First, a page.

Lawyer: Of­fi­cer nixes prison for Bergdahl

The Washington Post Sunday - - POLITICS & THE NATION -

The at­tor­ney for Army Sgt. Bowe Bergdahl said Satur­day that an in­ves­ti­gat­ing of­fi­cer has rec­om­mended against the most se­ri­ous kind of court-mar­tial and prison time in the soldier’s de­ser­tion case, de­spite a months-long man­hunt in Afghanistan that put other U.S. troops at risk af­ter he walked away from his base.

The in­ves­ti­gat­ing of­fi­cer, Lt. Col. Mark Vis­ger, rec­om­mended a spe­cial court-mar­tial, rather than a gen­eral court-mar­tial, said Eu­gene Fidell, Bergdahl’s at­tor­ney. The process car­ries with it a max­i­mum penalty of 12 months of con­fine­ment, for­fei­ture of two-thirds of a ser­vice mem­ber’s pay for a year, re­duc­tion in rank to pri­vate and a bad­con­duct dis­charge.

Vis­ger called for even lighter penal­ties than that, though, Fidell said. Vis­ger rec­om­mended against both a bad-con­duct dis­charge and con­fine­ment, Fidell said, po­ten­tially al­low­ing the soldier to re­ceive mil­i­tary ben­e­fits af­ter he leaves the Army.

The rec­om­men­da­tion comes af­ter a two-day pre­lim­i­nary hear­ing in San An­to­nio, in Septem­ber, in which Vis­ger heard tes­ti­mony in Bergdahl’s case. He faces charges of de­ser­tion and mis­be­hav­ior be­fore the en­emy and is ac­cused of walk­ing away from his pa­trol base late on June 29, 2009.

Fel­low sol­diers on his small com­bat out­post dis­cov­ered Bergdahl was miss­ing the fol­low­ing morn­ing, but it was too late: He was cap­tured by in­sur­gents af­fil­i­ated with the Tal­iban and held cap­tive for nearly five years.

Gen. Mark Abrams, the com­mand­ing gen­eral of U.S. Army Forces Com­mand at Fort Bragg, N.C., could still de­cide to send Bergdahl to the more se­ri­ous kind of court-mar­tial, po­ten­tially up­ping his penal­ties. He faces up to life in prison if that oc­curs.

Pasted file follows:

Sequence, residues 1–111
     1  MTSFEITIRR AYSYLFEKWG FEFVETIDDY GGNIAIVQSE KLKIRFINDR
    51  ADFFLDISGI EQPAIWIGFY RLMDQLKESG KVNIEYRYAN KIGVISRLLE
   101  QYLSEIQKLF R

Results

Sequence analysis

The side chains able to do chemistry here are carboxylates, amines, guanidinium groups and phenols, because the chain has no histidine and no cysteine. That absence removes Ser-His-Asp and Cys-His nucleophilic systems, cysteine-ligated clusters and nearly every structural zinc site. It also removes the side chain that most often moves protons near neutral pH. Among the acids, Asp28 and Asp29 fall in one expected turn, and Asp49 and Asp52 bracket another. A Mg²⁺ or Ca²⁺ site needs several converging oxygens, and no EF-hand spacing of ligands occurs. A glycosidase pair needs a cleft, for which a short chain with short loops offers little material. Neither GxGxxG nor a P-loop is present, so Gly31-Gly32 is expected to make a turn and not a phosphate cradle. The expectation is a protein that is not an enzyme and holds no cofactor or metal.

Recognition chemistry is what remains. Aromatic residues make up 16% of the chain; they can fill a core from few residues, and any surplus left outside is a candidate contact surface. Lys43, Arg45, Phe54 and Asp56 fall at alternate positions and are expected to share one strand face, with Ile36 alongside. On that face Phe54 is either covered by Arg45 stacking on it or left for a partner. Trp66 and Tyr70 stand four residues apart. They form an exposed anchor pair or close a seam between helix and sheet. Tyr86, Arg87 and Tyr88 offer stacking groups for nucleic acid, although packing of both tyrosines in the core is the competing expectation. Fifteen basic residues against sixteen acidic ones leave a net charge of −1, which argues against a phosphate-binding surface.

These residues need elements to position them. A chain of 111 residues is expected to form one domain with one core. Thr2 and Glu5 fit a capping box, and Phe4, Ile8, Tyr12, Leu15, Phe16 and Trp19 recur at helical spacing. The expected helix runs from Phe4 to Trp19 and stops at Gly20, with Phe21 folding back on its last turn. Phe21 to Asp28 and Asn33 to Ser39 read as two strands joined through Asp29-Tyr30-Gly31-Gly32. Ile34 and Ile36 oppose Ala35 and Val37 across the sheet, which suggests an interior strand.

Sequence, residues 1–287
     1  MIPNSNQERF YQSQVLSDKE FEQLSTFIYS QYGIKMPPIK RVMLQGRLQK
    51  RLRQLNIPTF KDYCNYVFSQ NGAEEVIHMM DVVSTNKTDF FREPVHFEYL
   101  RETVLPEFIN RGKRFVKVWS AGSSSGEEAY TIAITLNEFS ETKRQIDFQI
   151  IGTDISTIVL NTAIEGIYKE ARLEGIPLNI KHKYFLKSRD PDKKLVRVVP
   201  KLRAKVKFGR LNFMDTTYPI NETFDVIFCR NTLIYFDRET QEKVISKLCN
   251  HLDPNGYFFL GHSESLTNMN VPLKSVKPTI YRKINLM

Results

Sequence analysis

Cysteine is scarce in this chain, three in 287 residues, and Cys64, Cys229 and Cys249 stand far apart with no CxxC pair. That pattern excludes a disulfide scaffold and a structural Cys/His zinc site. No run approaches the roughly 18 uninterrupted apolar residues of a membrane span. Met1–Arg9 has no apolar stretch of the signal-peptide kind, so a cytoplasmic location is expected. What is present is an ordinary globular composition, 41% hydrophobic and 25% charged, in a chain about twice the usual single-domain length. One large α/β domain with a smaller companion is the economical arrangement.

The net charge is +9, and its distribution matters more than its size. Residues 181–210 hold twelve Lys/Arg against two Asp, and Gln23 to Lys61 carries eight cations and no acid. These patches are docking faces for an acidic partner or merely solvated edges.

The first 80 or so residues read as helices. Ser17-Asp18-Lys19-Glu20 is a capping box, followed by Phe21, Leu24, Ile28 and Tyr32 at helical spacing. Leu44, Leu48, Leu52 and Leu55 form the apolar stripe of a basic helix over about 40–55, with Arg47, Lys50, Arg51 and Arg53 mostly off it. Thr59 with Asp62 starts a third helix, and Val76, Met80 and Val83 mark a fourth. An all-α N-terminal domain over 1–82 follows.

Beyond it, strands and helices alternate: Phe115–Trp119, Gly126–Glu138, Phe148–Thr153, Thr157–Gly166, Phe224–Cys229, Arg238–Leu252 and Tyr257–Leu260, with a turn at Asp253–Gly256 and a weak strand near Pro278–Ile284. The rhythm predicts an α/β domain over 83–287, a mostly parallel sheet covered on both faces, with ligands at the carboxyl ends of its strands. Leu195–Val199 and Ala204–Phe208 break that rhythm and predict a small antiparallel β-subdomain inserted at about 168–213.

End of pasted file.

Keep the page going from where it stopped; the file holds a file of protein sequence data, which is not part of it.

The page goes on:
An Army spokesman, Paul Boyce, de­clined to com­ment Satur­day on the case. “We will no­tify the public and in­ter­ested news media when fur­ther in­for­ma­tion about this on­go­ing le­gal ac­tion po­ten­tially is avail­able,” he said.

— Dan Lamothe Fam­ily’s lawyer crit­i­cizes re­ports say­ing shoot­ing was jus­ti­fied: The lawyer for the fam­ily of Tamir Rice, the 12-year-old boy hold­ing a pel­let gun who was fa­tally shot by a Cleve­land pa­trol­man, says re­ports find­ing that the shoot­ing was jus­ti­fied show the pros­e­cu­tor’s of­fice is avoid­ing ac­count­abil­ity. Su­bodh Chan­dra said the Rice fam­ily wants the of­fi­cers held ac­count­able, and it seems “the pros­e­cu­tor’s of­fice has been on a 12-month quest” to avoid it. Re­ports by out­side ex­perts, re­leased Satur­day by the Cuya­hoga County Pros­e­cu­tor’s Of­fice, con­cluded the pa­trol­man had rea­son to per­ceive Tamir as a threat be­fore shoot­ing him in Novem­ber. grand jury will de­cide whether the of­fi­cer should face crim­i­nal charges.

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